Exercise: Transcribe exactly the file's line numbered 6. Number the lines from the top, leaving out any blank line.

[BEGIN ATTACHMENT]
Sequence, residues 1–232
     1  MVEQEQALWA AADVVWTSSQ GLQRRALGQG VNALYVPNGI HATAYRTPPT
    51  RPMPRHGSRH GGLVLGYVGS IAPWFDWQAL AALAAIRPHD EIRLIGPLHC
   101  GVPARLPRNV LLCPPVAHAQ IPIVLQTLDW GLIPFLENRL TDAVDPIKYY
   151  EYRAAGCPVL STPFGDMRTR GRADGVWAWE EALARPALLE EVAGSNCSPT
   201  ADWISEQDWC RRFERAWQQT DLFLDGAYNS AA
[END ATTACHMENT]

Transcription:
   201  ADWISEQDWC RRFERAWQQT DLFLDGAYNS AA